Senate debates

Monday, 16 March 2015

Matters of Public Importance

Higher Education

4:33 pm

Photo of Lisa SinghLisa Singh (Tasmania, Australian Labor Party, Shadow Parliamentary Secretary to the Shadow Attorney General) Share this | Hansard source

Anyone would think, listening to Senator Birmingham's contribution to this debate, that his head has been in the sand today and that he has had absolutely no understanding or idea of what has gone on with his Minister for Education, Christopher Pyne. He clearly backed down, not only after the pressure from an open letter to the Prime Minister earlier this month but after pressure by a range of research organisations, known as the National Research Alliance, against this government's deregulation of universities and its effect on research—scientific research at that.

On top of that, Labor's notice of motion that was tabled today called on the government to immediately release the research infrastructure funding that it was holding hostage. That motion, of course, was a motion that Labor had support for from the crossbench. It had support from senators Lambie, Lazarus, Muir, Madigan, Rhiannon, Wang and Xenophon. After all of that pressure, finally Christopher Pyne came to his senses and decided that the intimidation that he had placed on the Senate—particularly on the crossbench—over his very unfair and unnecessary policy for $100,000 university degrees and holding the research infrastructure funding to ransom in doing so—limiting 1,700 scientific research jobs through that process—was a bad idea.

Senator Birmingham seems to be completely unaware that this has gone on today—that this backdown has occurred today. I think that I could not put it any better than journalist Laura Tingle put it today, when she said:

Education Minister Christopher Pyne's attempt to blackmail the Senate by threatening scientific research funding if the higher education changes are not passed this week has backfired spectacularly, …

That is exactly what has happened. It has backfired spectacularly, with the crossbench joining Labor to insist, through that notice of motion, that the funding be assured before the Senate considers the package.

It is pleasing to see that Christopher Pyne has come to his senses, but we know that he has not come completely to his senses when it comes to his backdown. What Minister Pyne should learn from today is a lesson, not just of backing down on the research funding that he has now freed from his education reform package but he should go all the way and back down on his proposal for deregulation. Why? Because it is not just Labor that opposes these proposals, and it is not just the crossbench that rejects this proposal, it is the Australian people—particularly students and those who work in the university sector.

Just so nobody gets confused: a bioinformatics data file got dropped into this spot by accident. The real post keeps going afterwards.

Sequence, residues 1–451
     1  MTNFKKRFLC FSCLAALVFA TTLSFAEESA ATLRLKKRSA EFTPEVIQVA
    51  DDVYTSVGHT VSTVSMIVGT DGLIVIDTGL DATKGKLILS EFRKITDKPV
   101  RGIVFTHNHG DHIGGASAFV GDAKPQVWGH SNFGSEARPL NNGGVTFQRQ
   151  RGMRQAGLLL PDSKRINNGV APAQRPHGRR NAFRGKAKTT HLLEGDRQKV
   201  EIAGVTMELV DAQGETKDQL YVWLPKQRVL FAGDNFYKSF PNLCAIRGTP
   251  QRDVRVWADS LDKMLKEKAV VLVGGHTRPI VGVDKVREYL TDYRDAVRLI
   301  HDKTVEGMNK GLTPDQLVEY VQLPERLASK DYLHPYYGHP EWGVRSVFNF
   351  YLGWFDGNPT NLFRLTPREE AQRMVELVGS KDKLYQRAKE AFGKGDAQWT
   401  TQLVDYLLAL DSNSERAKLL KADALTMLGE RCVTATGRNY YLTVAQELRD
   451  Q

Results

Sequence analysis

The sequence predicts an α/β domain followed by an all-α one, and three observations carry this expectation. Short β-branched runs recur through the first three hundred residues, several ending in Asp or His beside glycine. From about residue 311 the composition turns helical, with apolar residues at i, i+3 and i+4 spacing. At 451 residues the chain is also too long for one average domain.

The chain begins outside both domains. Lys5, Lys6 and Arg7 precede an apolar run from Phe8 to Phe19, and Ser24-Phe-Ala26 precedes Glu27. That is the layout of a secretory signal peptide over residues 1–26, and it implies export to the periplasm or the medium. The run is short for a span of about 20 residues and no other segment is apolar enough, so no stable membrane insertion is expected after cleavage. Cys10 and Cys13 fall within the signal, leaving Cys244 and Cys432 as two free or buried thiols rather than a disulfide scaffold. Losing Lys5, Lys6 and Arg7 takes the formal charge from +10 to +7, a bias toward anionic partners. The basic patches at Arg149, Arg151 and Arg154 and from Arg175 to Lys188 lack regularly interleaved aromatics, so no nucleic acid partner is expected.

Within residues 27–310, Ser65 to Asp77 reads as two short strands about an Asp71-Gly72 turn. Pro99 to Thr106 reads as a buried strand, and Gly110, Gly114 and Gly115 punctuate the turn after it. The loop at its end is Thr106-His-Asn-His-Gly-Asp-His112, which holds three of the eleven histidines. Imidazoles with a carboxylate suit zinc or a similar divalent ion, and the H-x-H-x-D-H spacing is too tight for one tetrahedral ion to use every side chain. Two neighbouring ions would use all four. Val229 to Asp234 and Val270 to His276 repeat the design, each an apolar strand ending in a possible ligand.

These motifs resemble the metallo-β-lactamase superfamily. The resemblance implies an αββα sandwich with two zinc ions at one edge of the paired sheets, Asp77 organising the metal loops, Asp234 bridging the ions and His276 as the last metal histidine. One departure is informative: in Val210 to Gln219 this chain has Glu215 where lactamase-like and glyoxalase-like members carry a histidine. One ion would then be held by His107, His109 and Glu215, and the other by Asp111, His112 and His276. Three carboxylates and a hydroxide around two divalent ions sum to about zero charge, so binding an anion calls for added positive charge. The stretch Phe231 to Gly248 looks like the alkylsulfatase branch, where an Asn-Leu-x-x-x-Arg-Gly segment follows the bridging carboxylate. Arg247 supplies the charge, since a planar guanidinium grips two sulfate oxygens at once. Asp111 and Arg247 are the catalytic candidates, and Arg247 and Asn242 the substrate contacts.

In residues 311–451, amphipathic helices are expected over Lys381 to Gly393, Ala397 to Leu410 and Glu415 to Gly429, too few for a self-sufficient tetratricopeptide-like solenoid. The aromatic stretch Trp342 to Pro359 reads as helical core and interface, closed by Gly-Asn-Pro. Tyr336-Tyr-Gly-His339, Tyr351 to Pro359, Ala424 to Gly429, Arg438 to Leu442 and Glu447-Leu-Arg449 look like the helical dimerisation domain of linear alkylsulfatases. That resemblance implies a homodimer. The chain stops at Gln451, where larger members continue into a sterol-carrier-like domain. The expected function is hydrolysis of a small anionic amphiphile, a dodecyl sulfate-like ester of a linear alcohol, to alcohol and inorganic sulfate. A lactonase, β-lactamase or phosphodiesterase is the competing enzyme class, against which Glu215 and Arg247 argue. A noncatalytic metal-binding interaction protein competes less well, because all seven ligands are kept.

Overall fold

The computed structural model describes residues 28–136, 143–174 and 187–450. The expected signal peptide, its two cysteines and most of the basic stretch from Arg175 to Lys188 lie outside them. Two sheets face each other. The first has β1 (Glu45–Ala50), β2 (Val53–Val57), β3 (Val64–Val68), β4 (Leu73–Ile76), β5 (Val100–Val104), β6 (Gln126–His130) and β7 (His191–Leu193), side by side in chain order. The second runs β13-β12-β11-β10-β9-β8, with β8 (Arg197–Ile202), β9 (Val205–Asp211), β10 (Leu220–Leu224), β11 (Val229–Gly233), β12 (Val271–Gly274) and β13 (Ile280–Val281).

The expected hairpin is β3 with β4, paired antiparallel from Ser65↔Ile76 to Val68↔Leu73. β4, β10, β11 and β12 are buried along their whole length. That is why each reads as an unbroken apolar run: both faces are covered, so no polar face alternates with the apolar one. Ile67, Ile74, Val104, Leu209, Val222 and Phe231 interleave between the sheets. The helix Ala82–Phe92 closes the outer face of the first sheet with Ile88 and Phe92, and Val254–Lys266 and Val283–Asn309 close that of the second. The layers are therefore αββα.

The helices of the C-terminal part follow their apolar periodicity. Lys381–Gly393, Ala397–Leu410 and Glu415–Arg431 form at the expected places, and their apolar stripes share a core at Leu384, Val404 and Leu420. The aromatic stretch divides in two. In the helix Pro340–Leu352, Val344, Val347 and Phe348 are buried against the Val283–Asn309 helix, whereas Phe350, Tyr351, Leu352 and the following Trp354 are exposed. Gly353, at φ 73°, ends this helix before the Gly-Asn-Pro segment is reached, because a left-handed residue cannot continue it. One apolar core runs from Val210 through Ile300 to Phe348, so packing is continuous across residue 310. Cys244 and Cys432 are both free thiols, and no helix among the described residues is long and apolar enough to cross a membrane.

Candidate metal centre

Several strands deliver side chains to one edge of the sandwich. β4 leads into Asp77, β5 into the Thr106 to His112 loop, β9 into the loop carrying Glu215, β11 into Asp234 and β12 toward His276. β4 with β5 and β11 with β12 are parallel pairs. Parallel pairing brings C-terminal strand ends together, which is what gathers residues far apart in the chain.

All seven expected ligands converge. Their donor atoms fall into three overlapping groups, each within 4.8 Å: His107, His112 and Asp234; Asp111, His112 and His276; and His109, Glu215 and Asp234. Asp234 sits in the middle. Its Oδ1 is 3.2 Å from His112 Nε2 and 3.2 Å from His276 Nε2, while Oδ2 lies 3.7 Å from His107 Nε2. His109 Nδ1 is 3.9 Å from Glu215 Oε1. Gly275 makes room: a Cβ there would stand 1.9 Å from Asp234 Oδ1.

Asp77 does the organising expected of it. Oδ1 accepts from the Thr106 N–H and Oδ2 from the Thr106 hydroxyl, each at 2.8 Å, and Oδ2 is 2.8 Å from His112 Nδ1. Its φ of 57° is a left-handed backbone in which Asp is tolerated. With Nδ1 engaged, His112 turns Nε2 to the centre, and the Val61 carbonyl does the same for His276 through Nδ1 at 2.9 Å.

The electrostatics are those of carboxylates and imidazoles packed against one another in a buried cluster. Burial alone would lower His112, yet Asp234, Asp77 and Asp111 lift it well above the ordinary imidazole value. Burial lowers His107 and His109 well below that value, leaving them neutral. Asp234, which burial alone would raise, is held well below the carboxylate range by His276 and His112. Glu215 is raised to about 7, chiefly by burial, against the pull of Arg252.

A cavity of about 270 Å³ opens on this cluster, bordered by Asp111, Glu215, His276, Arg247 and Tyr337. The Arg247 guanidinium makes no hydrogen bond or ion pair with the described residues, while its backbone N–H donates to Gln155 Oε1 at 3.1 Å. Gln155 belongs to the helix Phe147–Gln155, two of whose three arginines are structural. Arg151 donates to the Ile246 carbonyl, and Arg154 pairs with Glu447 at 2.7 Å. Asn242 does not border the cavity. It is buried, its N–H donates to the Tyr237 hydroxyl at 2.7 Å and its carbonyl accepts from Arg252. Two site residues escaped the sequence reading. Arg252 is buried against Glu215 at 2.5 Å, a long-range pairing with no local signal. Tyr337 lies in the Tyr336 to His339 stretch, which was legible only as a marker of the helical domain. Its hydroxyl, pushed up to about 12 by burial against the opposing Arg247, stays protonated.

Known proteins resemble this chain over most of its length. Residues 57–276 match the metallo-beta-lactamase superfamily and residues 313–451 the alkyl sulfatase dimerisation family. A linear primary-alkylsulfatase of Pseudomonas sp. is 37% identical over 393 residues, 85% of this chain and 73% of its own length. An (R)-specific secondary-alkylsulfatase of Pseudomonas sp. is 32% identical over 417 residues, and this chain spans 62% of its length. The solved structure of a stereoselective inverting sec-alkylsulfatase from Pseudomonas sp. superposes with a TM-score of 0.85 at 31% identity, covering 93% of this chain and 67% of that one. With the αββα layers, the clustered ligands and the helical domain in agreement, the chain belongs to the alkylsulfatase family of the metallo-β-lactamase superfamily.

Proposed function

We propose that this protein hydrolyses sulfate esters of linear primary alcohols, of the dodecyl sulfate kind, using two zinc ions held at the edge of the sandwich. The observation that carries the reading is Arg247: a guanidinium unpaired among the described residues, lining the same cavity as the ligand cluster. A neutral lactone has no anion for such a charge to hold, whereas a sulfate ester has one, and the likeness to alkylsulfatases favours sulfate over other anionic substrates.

Australians oppose these measures. They oppose cutting public funding to undergraduate courses by up to 37 per cent. They oppose the extraordinarily expensive university degrees that will come as a result of fee deregulation. They oppose the Americanisation of our world-class university system. They oppose these things because they understand the value of our universities and the value of higher education—and the contribution that those with degrees then contribute to our Australian society, the skills that they learn there.

Despite Minister Pyne's backdown today—releasing the 1,700 jobs he was holding to ransom, trying to intimidate the crossbench to support his education package—we know that the Abbott government did try very hard, up until around lunchtime, to shamelessly threaten to destroy the future of scientific research in Australia unless it got its plans for its $100,000 university degrees through this Senate. That is no way to govern. That is certainly no way to negotiate with the crossbench.

How absolutely absurd—for a minister of the crown to approach his portfolio with intimidation, with blackmail! It is absolutely ridiculous. That is why Labor will vote against these cuts to university funding and student support. Labor will not support a system of higher fees, bigger student debt, reduced access and greater inequality; because that is exactly what Minister Pyne's package is all about. We will never tell Australia that the quality of their education depends on their capacity to pay. That is not the Australia we live in. That is not the ethos of a fair go that we know Australia to stand for. And that is why Labor will not support this package.

When Christopher Pyne threatens to cut research if he does not get his way—when he has a tantrum, as he does—Australians do not think: 'Gee, that's a good idea! What a good idea! Let's cut scientific research by 1,700 jobs!' No. They become even angrier; their representatives are standing up against the broken promises; they are being subjected to threats and blackmail. This is not something that the Abbott government took to the people. This is something again that has been thrown on the people of Australia, thrown on the crossbench, with intimidation and threat. As I said, that is no way to govern for this country.

Labor's position remains very clear. Since the budget we have seen that it is not only Labor that opposes the government's unfair, short-sighted higher education package; it is the broader Australian public. I think the biggest summation of this kind of charade that has gone on with Christopher Pyne over this last month really comes back to that open letter from the National Research Alliance to the Prime Minister about 'Australia's national public research infrastructure preparing for shutdown', as it is titled. A number of those national researchers, a number of those scientific researchers, come from my home state in Tasmania. IMOS, for example, is a recipient of the NCRIS and would be deeply affected by the cuts that Christopher Pyne threatened the crossbench with.

I stand with Labor and oppose this bill. (Time expired)


No comments